There is one feature of Google's mobile platform Android, which presents a strong argument in its favour while competing against Apple's iOS - customisability. Even though the operating system in itself is very open in nature, there are certain options that are only accessible once the devices are rooted or the bootloader is unlocked. For all those users who were waiting for Google's first self-branded smartphones to get rooted, especially because Nexus phones were extremely root-friendly, the wait seems to be over. The bootloader of both phones (including the Verizon version) can now be unlocked, and the phones can be rooted, with new tools.
Before we begin, we must warn our readers that the rooting process requires care, and can be dangerous as a single mistake may lead to a bricked device. Proceed at your own risk.
A Google+ user, who goes by the name Chainfire, has developed the tools required for rooting the Pixel smartphones and made the tools and images available for all. In his Google+ post about the rooting, he said, "The images for the Pixels need to be 'fastboot boot'ed, not flashed. After a few minutes (have patience) and a couple of (automatic) reboots, Android should boot fully rooted."
Chainfire was able to perform a 'systemless root' by "forcing the kernel to again use the boot image's initramfs as root directory, rather using the files from the system partition, and ignore the dm-verity settings the bootloader insists on," he said in his post.
"...This change also requires that the contents of the root directory from the system partition are imported to the boot image, so we can modify these files without modifying the system partition, and thus keep dm-verity happy, should the user wish to keep it enabled," he added.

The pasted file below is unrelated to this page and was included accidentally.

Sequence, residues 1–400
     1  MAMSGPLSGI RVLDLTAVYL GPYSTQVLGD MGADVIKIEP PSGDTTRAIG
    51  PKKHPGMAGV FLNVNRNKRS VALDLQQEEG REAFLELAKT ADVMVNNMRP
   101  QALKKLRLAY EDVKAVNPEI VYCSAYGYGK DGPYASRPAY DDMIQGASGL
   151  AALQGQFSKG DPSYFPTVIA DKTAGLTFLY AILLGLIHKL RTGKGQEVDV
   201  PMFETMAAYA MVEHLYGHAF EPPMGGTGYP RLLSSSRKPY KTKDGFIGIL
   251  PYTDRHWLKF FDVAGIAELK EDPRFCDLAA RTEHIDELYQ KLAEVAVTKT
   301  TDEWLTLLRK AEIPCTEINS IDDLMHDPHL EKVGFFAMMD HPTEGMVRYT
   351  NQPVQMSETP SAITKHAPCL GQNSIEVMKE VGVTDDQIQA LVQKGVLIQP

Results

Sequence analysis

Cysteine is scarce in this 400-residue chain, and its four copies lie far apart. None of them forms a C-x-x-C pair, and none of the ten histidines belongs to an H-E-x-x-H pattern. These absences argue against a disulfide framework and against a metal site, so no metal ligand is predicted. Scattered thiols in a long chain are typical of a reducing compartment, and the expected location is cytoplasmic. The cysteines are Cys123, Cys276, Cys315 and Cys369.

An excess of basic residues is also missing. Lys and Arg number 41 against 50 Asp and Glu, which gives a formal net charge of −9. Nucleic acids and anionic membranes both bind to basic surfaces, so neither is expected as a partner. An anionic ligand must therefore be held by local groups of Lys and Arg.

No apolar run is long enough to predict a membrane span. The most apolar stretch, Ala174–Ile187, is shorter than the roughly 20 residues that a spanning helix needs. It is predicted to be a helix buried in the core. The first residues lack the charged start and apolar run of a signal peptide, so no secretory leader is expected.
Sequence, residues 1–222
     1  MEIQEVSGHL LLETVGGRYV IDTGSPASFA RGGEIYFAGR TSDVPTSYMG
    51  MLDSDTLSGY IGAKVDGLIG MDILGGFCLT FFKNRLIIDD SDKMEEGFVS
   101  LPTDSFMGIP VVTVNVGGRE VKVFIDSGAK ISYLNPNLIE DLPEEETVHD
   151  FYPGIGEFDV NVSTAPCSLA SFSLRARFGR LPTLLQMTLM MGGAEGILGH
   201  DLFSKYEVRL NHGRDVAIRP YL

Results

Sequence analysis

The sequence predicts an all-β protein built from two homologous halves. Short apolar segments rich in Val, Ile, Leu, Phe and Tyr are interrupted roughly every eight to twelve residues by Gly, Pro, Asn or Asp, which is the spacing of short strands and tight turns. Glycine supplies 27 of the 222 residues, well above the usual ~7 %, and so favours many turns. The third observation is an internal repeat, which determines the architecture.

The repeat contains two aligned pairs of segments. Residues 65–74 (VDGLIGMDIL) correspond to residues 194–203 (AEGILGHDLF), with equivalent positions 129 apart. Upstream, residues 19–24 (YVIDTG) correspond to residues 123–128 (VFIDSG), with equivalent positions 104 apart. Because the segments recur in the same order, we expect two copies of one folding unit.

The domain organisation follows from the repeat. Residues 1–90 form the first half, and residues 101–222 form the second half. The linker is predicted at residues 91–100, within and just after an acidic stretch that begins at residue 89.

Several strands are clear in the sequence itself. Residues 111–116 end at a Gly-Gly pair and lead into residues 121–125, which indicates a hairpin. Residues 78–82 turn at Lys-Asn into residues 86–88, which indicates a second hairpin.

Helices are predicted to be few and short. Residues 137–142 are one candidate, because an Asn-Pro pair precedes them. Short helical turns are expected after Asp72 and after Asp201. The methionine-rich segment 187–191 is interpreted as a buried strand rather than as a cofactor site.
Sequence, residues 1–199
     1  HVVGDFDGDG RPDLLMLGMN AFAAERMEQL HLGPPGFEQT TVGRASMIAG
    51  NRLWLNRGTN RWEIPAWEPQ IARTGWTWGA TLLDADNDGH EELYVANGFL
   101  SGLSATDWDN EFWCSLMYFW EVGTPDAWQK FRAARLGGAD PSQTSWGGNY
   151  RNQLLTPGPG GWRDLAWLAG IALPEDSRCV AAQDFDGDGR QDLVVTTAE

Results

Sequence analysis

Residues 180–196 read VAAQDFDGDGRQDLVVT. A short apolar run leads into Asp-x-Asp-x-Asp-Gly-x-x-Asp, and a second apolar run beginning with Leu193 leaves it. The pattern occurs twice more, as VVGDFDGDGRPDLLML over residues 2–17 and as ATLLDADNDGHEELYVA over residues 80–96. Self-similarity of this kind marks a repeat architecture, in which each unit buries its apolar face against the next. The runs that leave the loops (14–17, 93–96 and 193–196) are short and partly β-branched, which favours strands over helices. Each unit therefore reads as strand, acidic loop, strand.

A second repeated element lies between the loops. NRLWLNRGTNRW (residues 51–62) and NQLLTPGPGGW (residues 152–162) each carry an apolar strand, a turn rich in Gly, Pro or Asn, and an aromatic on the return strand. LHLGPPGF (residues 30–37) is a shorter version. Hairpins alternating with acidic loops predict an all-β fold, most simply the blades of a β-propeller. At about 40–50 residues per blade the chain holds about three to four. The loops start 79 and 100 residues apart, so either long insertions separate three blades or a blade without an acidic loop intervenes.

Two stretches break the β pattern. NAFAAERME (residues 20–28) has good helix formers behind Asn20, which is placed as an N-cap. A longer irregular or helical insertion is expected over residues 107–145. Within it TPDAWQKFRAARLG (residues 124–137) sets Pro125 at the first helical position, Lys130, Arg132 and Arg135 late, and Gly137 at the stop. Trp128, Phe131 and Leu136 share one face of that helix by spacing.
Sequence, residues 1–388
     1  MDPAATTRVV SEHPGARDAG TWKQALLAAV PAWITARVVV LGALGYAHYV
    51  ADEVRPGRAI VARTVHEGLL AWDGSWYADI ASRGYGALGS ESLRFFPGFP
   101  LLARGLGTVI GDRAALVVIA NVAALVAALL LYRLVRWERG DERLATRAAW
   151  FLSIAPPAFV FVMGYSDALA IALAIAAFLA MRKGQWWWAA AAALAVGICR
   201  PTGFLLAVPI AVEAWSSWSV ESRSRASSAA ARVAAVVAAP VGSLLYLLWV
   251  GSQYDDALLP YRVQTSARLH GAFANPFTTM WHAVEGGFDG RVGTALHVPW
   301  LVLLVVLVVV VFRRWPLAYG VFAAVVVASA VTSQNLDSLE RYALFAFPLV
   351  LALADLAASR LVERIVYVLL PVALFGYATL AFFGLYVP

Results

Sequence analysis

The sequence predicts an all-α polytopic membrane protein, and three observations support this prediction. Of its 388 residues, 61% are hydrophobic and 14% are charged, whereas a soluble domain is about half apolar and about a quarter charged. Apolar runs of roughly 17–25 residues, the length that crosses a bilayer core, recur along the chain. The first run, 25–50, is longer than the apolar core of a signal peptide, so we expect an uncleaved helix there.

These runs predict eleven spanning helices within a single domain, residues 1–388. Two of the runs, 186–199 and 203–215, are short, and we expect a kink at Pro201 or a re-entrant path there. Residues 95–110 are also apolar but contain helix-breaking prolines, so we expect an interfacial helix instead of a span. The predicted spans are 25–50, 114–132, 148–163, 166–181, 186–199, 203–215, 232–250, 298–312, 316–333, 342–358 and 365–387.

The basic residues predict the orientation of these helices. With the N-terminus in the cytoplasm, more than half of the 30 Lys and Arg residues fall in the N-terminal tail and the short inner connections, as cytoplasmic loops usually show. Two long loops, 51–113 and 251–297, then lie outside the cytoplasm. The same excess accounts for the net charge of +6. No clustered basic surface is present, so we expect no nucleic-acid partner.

This is how he was able to work around the problem earlier posed by a report on XDA Developers that said that the rooting methods, in their existing form then, could not work Pixel smartphones.
As a result of this successful root, users will now be able to install custom ROMs on their Pixel or Pixel XL smartphones, or mess with system-level settings to further customise their devices. Do note, rooted phones sometimes lose access to high-security features like payment systems.
In order to download the images and tools, you can head to the links mentioned on Chainfire's Google+ page. It is advised that users carefully read the instructions on the page and keep in mind that this process can potentially brick their device.
To recall, the bootloader on the Verizon-sold Google Pixel and Pixel XL smartphone is locked, but users can unlock it via the SunShine developers' dePixel8 tool before starting with Chainfire's process.